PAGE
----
The first four hours, including scenic views of lush sights like Lone Pine Lake (9,850 feet); Bighorn Sheep Park, a meadow at 10,200 feet; Mirror Lake at 10,640 feet, and then Trailside Meadows (11,395 feet), are a constant but pleasant trudge uphill. The vegetation and topography are ever changing as hikers enter the isolation of backcountry wilderness.

Logs of water birch along the low-lying creeks gradually give way to foxtail pines and later, red fir growing at the higher altitudes. Colorful flowers like the orangey red Indian paintbrush thrive below 10,000 feet; another flower, alpine gold, appears at 12,000 feet. (The exquisite lavender skypilots are so named because they pop up at the highest levels, all the way to the summit.)

Hikers notice that it becomes tougher as they leave Trailside Meadows and Consultation Lake, the halfway point. Even the scenery is harsher; the greenery from below the tree line disappears, replaced by a rocky, almost lunar landscape.

At mile 6.3 — 12,000 feet — comes the start of the 97 switchbacks, notorious in Whitney lore. They are extremely steep, take about two hours to climb and lead to Trail Crest at 13,777 feet. Here hikers are rewarded with spectacular views down into the Great Western Divide, a range of mountains that runs north and south through the center of Sequoia National Park.

For those affected by altitude, this is when it can really hit. Some start to stagger, overcome with headaches or nausea.

Mount Whitney

The final two miles to the summit along the ridgeline are the most arduous, and are not for people with vertigo. "I never in my life thought I had a fear of heights," said David Crandall, 50, a personal-injury lawyer from Irvine, Calif., who was hiking along the ridge line with his son, Ryan, 16. "I wanted to find something that would challenge me and him. Well, we got it."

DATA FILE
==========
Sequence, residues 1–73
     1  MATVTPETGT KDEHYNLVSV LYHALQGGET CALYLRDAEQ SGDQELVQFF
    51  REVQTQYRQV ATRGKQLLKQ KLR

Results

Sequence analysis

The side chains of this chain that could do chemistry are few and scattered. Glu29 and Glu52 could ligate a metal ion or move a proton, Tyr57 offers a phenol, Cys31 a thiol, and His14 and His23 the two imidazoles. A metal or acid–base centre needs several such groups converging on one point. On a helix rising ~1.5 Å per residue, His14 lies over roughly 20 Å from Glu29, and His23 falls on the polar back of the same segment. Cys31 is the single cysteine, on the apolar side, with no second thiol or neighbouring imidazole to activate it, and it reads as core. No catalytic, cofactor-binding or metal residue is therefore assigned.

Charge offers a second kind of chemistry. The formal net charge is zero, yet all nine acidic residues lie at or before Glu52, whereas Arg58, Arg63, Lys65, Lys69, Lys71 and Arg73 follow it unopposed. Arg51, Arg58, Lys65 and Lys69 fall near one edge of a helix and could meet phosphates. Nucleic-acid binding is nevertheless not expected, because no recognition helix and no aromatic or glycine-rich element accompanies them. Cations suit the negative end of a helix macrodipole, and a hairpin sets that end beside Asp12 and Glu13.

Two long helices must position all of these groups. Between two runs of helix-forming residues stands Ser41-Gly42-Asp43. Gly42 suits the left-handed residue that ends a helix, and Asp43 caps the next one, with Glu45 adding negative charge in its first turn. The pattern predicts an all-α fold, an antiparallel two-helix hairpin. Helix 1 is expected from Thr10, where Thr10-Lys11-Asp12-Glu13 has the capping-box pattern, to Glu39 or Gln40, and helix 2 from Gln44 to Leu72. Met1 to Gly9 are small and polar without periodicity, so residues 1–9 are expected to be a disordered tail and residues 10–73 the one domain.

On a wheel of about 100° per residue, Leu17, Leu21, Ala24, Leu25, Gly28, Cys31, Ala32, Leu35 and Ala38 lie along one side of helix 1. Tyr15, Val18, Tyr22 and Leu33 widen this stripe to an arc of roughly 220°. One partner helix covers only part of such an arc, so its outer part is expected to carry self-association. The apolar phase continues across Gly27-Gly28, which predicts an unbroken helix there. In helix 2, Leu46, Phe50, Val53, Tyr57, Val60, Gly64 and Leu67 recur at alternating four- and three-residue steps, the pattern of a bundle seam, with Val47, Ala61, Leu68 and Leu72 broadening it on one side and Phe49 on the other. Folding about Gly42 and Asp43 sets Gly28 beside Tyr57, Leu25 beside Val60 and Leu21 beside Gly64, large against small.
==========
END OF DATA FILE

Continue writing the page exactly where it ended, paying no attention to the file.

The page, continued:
Here the path is like a mountain-goat trail and the thin air slows the average hiker's pace considerably. Navigating the snowfield near the summit takes particular dexterity. But once hikers make it through, they see the hut at the summit and a chance to relax and enjoy the 360-degree view.

T. R. Quinzeo, 25, of Long Beach, Calif., was standing at the summit with his stepfather, Gary Borg, 49. "I wanted to see if the old man could make it," Mr. Quinzeo said. "I heard this mountain kicks everyone's butt, and I wanted to beat it."

Most hikers don't stay longer than an hour at the summit. After signing a guest register at the hut, they take off for the long journey back to the trailhead.

"It was a three-decades long obsession to get to the top of the mountain, and now it's done," Ms. Witt said triumphantly at the end of her climb.

But once is not enough for some people.

Hulda Crooks, who died in 1997 at 101, was nicknamed Grandma Whitney for her two dozen climbs up Whitney, many of them to the summit, between the ages of 66 and 91. (Rangers said that people in their 60's and 70's frequently make the full climb.)

Bob Rockwell, 68, of Ridgecrest, Calif., said he first climbed the mountain on a whim when he was 16, hiking in a T-shirt and street shoes and almost freezing at the summit, and has since gone to the summit 99 times.

"Sometimes I'll wake up, have my coffee, read the paper," he said, "and think, `Hey, I think I'll climb Whitney today.' "


The above article is from The New York Times.